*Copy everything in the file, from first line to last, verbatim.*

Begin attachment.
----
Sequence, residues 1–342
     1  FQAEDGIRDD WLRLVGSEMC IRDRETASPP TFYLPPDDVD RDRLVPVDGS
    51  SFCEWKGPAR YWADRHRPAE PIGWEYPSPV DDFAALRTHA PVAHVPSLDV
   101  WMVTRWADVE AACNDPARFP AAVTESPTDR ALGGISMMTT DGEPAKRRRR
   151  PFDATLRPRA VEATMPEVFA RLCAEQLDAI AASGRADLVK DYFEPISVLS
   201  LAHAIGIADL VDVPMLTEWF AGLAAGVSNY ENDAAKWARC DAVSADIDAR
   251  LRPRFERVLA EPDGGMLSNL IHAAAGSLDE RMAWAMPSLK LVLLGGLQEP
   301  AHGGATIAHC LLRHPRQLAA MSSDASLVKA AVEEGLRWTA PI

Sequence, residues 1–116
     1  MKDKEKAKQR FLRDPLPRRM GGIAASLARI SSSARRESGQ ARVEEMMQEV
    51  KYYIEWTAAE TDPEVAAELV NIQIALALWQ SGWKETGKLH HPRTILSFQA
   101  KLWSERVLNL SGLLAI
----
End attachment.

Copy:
Sequence, residues 1–342
     1  FQAEDGIRDD WLRLVGSEMC IRDRETASPP TFYLPPDDVD RDRLVPVDGS
    51  SFCEWKGPAR YWADRHRPAE PIGWEYPSPV DDFAALRTHA PVAHVPSLDV
   101  WMVTRWADVE AACNDPARFP AAVTESPTDR ALGGISMMTT DGEPAKRRRR
   151  PFDATLRPRA VEATMPEVFA RLCAEQLDAI AASGRADLVK DYFEPISVLS
   201  LAHAIGIADL VDVPMLTEWF AGLAAGVSNY ENDAAKWARC DAVSADIDAR
   251  LRPRFERVLA EPDGGMLSNL IHAAAGSLDE RMAWAMPSLK LVLLGGLQEP
   301  AHGGATIAHC LLRHPRQLAA MSSDASLVKA AVEEGLRWTA PI

Sequence, residues 1–116
     1  MKDKEKAKQR FLRDPLPRRM GGIAASLARI SSSARRESGQ ARVEEMMQEV
    51  KYYIEWTAAE TDPEVAAELV NIQIALALWQ SGWKETGKLH HPRTILSFQA
   101  KLWSERVLNL SGLLAI